By the 5th stop, I was able to persuade a kid to switch seats with me so that I could sit beside her. Gently taking an apple out of my bag, I offered it to her, sharing how I had procured it from a quirky vendor who lived just up the street from me.

Looking at me, she smirked, patted my leg and took an enormous breath. On the exhale, it was if her entire life blew out across the train, a bittersweet release of responsibility and fear. And though she never took the apple, nor uttered a word to me, her face softened to into a soft fleshy mound of content.

One of the greatest tools we have is our ability to connect, to listen, to watch, to participate in the world around us. Can Mariano’s research potentially help thousands of people get the support they need before a psychosis gets out of hand? Absolutely! But what about the here and now? What about you in that moment? The woman on the subway may not have been able to scream her anxieties and fears to a crowd full of strangers, but her nonverbal gestures were blatant.

Maybe it’s time we learn how to read the world without words…

“Self-absorption in all its forms kills empathy, let alone compassion. When we focus on ourselves, our world contracts as our problems and preoccupations loom large. But when we focus on others, our world expands. Our own problems drift to the periphery of the mind and so seem smaller, and we increase our capacity for connection – or compassionate action.”  ― Daniel Goleman


The Hidden Voices of Portugal – Masterclass with Connect to Success

Jumping into the backseat of a black Peugeot in Porto, I breathlessly asked the Uber driver if he knew where I was heading.

Shifting slightly in the front seat, he adjusted his GPS and whispered, “Are yo……..go………on.”

“I’m sorry,” I prodded, “would you mind repeating that?”

“Are you go……to…statio…..?” he mumbled into the rearview mirror as if the reflection would help me decipher his clenched teeth.

By the third attempt, I just about climbed into the front seat and begged, “Dude, just get whatever you’re saying out! Don’t keep it inside. Just let it all go!”

That sense of quiet determination has been one of the many calling cards for Portugal. If you’re looking for some of the most loving, kind and caring people on the planet, they’re here, but to find their humble voices above the roar of the world, you’ll have to listen very carefully.

This past weekend, Speak UP Portugal! had the privilege of hosting a Masterclass with Connect to Success and FLAD to tackle this very question: what are the top 3 ways Portugal can effectively compete in the international market. Traveling as far as Brazil, our Portuguese speaking audience was packed with powerful, determined female entrepreneurs seeking a cross-cultural jump into new markets. They’re hungry for information, eager to grow and more than happy to engage with new ideas. Quite frankly, we couldn’t asked for a better audience!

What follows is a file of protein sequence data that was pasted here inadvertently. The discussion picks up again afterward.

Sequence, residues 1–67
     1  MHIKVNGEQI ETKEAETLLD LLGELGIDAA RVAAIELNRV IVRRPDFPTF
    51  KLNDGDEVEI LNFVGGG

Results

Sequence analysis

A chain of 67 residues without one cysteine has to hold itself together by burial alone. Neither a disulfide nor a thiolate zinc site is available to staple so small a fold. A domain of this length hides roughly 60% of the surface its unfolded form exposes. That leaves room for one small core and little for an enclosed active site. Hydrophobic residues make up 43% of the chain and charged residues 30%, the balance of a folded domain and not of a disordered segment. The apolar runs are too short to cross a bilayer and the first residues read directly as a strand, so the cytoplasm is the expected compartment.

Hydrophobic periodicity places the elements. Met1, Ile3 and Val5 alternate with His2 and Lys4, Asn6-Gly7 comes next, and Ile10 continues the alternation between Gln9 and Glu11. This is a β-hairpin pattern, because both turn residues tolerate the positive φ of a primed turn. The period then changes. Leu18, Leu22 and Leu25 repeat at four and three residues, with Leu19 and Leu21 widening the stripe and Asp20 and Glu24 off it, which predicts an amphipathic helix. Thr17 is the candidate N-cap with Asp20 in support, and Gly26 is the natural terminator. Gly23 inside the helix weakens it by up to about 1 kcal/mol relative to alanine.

What follows below are a few cross-cultural communication tips we explored during the session:

1. Know Thyself and Keep an Open Heart 

Despite our need to take on a half-dozen roles throughout the day, the age of the professional self versus the private self are over! Because quite honestly, who wants to feel sterile, robotic and completely void of a emotion or personality anyway? You’re human! And as long as you don’t have a secret twin roaming the planet, there’s only one of  you, which means we need you! All of you! Unfortunately, many of us feel a need to hide who we are, thinking a suit or a powerpoint of graphs and charts will sell it. Guess what? It doesn’t! If you’re not proud of who you are – whether that’s Portuguese, female or budding basket weaver – your body will express it.

Communication Tool: Always keep your heart open and ready for business. Crossing your arms, shifting your shoulders forward or looking down at your feet all communicate “I’m not open for business.”By grounding yourself, and leaving your upper body exposed to the world, you express an eagerness to learn, to grow and to tackle new challenges. Risk feeling vulnerable!

2. Take a Long Deep Breath and Ask for It! 

How often do you make a “To Do” list? For some, it’s daily, for others, it’s on the hour. But…how often do you make an “I Want” list? More than likely, it happens on New Years, major birthdays or after you’ve overcome a bad case of food poisoning. “Jesus, I never want to eat at Carlos’ Churrasqueira again!” To know what you want is scary. We get it! But by not knowing what you want, what you truly want, you can’t ask for it. If you’re dreaming of partnering with a Fortune 500 company and are terrified they’ll slam the phone down before you can even utter the words, “Hello, my name is…”, you’ll remain stagnant. The unknown is part of the package, it’s part of life, but there are solid ways to overcome that fear.

Communication Tool:  Use that big beautiful set of lungs you have! They’re your guiding ship, your compass and your port of safety. When fear strikes, breathe! Practice a pause after each sentence when putting together your pitch. It may feel ridiculous in the beginning, but those pauses help slow down your thoughts, narrow your focus and calm your nerves. Effective breathing allows you to control your message and help cultivate a sense of confidence and determination.

3. Trust the World Around You

How often have we been told not to trust strangers? If you’re coming from my neck of the woods, Chicago, it’s daily! The irony is that strangers are your best link to getting what you need and want. This is what makes networking so powerful! Everyone needs something, right? By exposing your unique set of values to the world around you, by being bold and vulnerable, the world will reciprocate in kind. It’s the law of attraction!

Communication Tool: Don’t hide! When going beyond Portuguese borders reach out in any language you can muster. The act of connecting, of making the effort to find a middle ground, will open hundreds of doors. Remember, there’s no such thing as perfection when speaking a foreign language! People genuinely want to see you succeed, and are willing to go a long way to help you reach your goals. So take a leap and connect!

An enormous thank you to the Connect to Success team and all of the women that joined us this past weekend. More information about future workshops and events coming soon!